Focus on the specific needs of the organization.

I find the 1997 Statement on Corporate Governance from the Business Roundtable to be highly applicable to private companies in that it informs owners on the basics of governance. The statement mentions that “Good corporate governance is not a ‘one size fits all’ proposition.”

I’ve seen this issue stump newer boards. No two boards are alike, nor should they be. Like a bespoke suit, a board is designed and made for only one client. When designing a board, each seat should serve a specific need: marketing, finance, HR, M&A, etc. “Don’t buy what you can rent” is the best mindset when selecting directors. For example, technology changes quickly, but directors don’t. You can change consultants as technology changes. It is better to use board seats for knowledge and judgment that will apply over a three- to five-year horizon.

Where do you want and need advice and counsel? When do you want it? How do you best take advice on difficult and sensitive matters? This leads to the question of fit. A successful board is a matter of chemistry and fit. The airplane test still applies: If you would not want to fly across the country sitting next to these people, don’t put them on your board.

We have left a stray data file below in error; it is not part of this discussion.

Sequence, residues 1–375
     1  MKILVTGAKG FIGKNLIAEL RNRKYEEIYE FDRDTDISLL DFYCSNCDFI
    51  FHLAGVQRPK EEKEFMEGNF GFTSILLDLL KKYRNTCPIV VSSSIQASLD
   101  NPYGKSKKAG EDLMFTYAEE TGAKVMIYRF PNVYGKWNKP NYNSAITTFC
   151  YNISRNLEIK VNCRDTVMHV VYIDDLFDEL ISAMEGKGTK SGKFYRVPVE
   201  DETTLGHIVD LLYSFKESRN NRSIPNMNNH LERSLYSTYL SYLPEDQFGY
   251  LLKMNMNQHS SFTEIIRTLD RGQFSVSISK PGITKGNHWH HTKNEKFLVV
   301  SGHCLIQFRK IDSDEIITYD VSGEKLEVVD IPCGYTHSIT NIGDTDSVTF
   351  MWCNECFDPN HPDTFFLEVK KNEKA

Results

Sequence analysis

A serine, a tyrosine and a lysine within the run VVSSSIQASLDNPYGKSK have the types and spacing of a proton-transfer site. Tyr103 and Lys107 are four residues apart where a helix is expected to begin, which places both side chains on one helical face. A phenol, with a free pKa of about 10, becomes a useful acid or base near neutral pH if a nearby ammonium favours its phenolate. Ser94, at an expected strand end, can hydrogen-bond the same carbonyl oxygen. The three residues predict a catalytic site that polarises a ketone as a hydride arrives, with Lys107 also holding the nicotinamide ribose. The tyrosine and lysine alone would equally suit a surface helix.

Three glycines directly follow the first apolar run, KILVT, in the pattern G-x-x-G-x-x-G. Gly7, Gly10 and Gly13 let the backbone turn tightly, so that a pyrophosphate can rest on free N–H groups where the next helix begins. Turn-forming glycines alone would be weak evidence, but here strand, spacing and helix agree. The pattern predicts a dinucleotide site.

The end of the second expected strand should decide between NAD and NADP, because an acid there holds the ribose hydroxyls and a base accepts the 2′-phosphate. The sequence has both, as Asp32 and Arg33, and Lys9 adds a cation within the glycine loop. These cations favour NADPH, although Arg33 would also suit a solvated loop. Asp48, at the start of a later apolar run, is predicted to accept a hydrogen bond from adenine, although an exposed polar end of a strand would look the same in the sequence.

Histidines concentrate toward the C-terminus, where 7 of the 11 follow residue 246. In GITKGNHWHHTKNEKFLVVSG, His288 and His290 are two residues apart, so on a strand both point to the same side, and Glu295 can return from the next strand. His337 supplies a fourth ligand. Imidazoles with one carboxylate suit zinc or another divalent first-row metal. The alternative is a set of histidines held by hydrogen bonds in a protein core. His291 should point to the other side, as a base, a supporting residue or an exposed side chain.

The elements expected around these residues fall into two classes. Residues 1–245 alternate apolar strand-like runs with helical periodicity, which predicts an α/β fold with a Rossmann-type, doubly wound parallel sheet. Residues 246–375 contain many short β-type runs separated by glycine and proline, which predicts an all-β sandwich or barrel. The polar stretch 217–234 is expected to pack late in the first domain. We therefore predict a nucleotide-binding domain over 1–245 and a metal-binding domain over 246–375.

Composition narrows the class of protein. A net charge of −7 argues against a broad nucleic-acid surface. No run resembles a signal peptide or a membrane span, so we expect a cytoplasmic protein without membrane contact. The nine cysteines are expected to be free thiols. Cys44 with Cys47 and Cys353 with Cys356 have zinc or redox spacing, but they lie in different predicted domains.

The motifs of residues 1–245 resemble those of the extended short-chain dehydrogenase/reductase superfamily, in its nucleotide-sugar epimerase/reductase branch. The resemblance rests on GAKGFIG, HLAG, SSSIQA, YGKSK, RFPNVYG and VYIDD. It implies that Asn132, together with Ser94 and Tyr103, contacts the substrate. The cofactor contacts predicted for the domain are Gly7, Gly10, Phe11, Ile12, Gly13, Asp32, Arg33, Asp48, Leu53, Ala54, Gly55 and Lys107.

Measure results.

If you are forming your first board, how do you know if you made the right decision? By measuring results! If you don’t know the results you want and need, it will be difficult to know if you made the right decision.

Unlike the rest of the organization, boards need to evaluate themselves since they don’t have a “boss” in the traditional sense. There are numerous methods that can be used to evaluate your board’s performance. The trick is to figure out which method is best suited to your situation. Are you evaluating the board as a body or the performance of individual directors? How will you interpret feedback given how interpersonal relationships may skew the data? More importantly, once you have results, what are you going to do with them?

The most direct method is to interview directors and address the issues that need to be discussed. This is often best done by a third party to anonymize contentious comments and facilitate discussion on delicate subjects. (Disclosure: My company can help with this.) Surveys are another popular method used to gain feedback. A combination of methods can also be used.

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If you are not sure what is best, start with a simple approach addressing the board as a group. Once you find out what is beneficial, probe further.

It comes down to adaptability.

Many people believe Darwin coined “survival of the fittest,” when in fact, his findings have been paraphrased more along the lines of “survival of the most adaptable.” Businesses and boards are no different. Markets, technology, regulation and competition are constantly changing, and your governance model needs to adapt to those changes to keep the business healthy.

Ultimately, the work of a board and its committees is more art than science. It is always useful to compare notes with colleagues and peers to get the perspective needed to strike the best balance between needs, concerns and costs.